Can Competition ‘Make America Great Again’?

Many worry about international trade and the increased competition to which it leads, while overlooking trade’s incredible benefits. In a refreshing Wall Street Journal article, the founder and CEO of FedEx, Fred Smith, reflects on how trade and deregulation have improved American living standards over the course of his lifetime. He recalls how many luxuries enjoyed by few during his youth plummeted in price and became accessible to more people than ever before. 

“Foreign travel was exotic, expensive and rare among the population as a whole” during the 1960s, Smith reminds us. Industry deregulation and international Open Skies agreements changed that. “Long-distance telephone calls were expensive, international calls prohibitively so,” and cell phones did not even exist yet. “From furniture to TVs and appliances, and especially automobiles, American brands dominated consumer spending” across the United States, and were often out of reach to the less affluent. Then trade worked its magic: 

[Trade] has rewarded Western consumers with low-cost products that have substantially improved standards of living. [Today] Americans and Europeans don’t need to be affluent to afford cell phones, digital TVs, furniture and appliances.

The moral of Smith’s story is clear: competition, which trade and deregulation facilitate, has an extraordinary tendency to enhance efficiency and bring down prices.

As we have documented, the falling cost of living improves the lives of ordinary people irrespective of how fast incomes rise. The few areas where costs have gone up instead of down—education, housing, and healthcare—have been subject to severe market distortions. Subjecting education, housing, and healthcare to more competition could have salutary results. Falling cosmetic procedure prices, for example, provide insight into how deregulated healthcare might affect healthcare costs. 

Smith’s article also recounts how increased competition has helped to move technology forward. Technology, in turn, has furthered expansion of trade—a virtuous cycle: 

During the 1970s and 1980s, while container ships and planes became increasingly efficient with each successive model, newly developed fiber-optic cables (patented in 1966) began running underseas, connecting the world at the speed of light, lowering voice and data-communication costs by orders of magnitude. Financial markets became globally integrated and transactions multiplied at an astounding rate.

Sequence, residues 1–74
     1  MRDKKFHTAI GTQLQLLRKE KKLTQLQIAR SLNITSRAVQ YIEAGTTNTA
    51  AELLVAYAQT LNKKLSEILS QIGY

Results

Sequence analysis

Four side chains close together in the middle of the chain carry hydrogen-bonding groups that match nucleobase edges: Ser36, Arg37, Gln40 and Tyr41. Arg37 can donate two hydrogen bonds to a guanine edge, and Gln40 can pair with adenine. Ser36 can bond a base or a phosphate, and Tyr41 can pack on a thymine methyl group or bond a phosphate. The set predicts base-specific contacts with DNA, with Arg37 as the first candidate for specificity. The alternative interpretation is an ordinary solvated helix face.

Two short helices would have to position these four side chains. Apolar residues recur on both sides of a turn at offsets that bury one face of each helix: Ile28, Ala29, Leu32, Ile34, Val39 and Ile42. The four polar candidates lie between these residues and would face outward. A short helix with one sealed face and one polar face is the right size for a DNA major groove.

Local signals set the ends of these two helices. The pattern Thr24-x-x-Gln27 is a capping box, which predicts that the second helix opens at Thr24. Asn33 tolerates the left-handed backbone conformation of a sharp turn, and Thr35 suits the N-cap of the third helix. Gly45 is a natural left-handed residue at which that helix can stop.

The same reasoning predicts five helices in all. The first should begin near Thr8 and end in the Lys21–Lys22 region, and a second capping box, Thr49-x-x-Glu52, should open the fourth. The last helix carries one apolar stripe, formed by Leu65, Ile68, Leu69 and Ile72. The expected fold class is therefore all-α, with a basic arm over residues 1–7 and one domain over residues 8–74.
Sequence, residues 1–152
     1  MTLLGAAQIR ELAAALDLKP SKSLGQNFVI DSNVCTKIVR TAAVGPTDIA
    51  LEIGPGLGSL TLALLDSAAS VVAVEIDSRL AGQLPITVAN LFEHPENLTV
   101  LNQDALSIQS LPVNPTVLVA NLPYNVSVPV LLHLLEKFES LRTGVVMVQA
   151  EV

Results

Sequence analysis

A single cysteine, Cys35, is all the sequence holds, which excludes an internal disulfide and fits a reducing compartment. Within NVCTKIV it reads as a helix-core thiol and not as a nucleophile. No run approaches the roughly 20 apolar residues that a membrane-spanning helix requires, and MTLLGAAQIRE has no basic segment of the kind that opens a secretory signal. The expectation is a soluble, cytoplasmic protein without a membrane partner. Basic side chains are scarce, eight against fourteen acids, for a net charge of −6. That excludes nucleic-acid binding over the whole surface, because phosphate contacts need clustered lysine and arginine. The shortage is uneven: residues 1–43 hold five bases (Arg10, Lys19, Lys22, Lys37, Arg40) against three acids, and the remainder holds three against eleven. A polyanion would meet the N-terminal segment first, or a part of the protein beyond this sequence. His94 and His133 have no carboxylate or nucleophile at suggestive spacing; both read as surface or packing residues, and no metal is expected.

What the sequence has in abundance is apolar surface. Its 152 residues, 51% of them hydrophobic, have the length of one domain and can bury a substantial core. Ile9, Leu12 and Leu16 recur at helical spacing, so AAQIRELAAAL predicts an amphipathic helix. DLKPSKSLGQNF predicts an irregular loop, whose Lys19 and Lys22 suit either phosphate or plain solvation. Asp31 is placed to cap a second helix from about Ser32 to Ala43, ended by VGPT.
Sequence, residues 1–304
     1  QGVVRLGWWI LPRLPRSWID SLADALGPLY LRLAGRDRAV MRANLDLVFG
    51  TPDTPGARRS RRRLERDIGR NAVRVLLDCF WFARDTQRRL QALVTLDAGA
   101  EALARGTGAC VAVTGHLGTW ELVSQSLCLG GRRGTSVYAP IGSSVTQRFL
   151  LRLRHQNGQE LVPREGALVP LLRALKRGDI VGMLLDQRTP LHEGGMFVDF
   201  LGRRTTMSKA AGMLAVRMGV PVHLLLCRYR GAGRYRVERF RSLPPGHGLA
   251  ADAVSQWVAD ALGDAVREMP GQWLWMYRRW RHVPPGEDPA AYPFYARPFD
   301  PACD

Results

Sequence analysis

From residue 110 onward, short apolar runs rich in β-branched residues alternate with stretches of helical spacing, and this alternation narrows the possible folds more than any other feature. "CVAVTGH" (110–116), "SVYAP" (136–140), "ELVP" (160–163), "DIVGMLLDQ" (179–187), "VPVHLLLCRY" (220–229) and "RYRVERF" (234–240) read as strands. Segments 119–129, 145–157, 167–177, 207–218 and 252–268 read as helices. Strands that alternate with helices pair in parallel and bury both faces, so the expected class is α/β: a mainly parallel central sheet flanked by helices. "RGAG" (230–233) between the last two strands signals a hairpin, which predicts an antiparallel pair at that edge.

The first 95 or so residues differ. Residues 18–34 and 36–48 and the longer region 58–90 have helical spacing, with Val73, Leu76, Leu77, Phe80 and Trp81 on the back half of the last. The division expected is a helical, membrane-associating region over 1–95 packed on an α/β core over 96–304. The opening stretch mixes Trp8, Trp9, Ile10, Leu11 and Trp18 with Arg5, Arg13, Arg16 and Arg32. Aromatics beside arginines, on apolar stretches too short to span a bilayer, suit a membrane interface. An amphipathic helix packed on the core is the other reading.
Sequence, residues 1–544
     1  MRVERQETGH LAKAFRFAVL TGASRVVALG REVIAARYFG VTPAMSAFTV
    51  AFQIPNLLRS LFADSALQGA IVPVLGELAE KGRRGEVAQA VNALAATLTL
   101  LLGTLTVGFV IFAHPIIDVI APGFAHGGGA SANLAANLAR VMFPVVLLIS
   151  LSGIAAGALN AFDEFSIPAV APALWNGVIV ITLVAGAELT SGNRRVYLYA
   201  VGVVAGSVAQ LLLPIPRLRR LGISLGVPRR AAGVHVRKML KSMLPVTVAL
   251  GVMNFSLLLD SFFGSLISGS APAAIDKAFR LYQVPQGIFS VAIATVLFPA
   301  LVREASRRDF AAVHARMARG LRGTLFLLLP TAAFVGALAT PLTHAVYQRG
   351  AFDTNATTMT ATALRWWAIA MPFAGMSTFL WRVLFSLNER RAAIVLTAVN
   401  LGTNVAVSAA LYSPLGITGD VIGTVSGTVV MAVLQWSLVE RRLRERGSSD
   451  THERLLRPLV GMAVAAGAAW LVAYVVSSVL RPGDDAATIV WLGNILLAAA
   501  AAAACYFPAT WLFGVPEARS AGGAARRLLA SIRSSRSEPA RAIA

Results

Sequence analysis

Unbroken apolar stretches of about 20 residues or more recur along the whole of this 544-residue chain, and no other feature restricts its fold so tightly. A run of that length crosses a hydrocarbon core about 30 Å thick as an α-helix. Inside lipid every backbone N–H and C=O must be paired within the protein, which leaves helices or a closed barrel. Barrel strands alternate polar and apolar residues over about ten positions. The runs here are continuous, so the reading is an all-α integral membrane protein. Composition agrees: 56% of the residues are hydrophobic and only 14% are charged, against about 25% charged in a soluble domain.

In addition to improving lives in the United States, trade has also helped lift billions of people out of extreme poverty around the world, notably in East Asia

While the vast majority of Americans are made better off by trade, that is of small comfort to those working in industries that are having trouble competing with the rest of the world. Their disappointment contributes to the popularity of anti-trade political figures like Donald Trump and Bernie Sanders. 

It is important to acknowledge the “destructive” part of “creative destruction”—and trade contributes to creative destruction—but also to put trade in a proper perspective. The positives markedly outweigh the negatives. As Fred Smith concludes: 

More than three billion people are now connected to the Internet. Billions more have aspirations for a better life and are likely to come online as global consumers. The odds are good, therefore, that today’s remarkable transport systems and technologies will continue to improve and facilitate an even larger global economy as individual trade is becoming almost “frictionless.”

History shows that trade made easy, affordable and fast—political obstacles notwithstanding—always begets more trade, more jobs, more prosperity. From clipper ships to the computer age, despite economic cycles, conflict and shifting demographics, humans have demonstrated an innate desire to travel and trade. Given this, the future is unlikely to diverge from the arc of the past.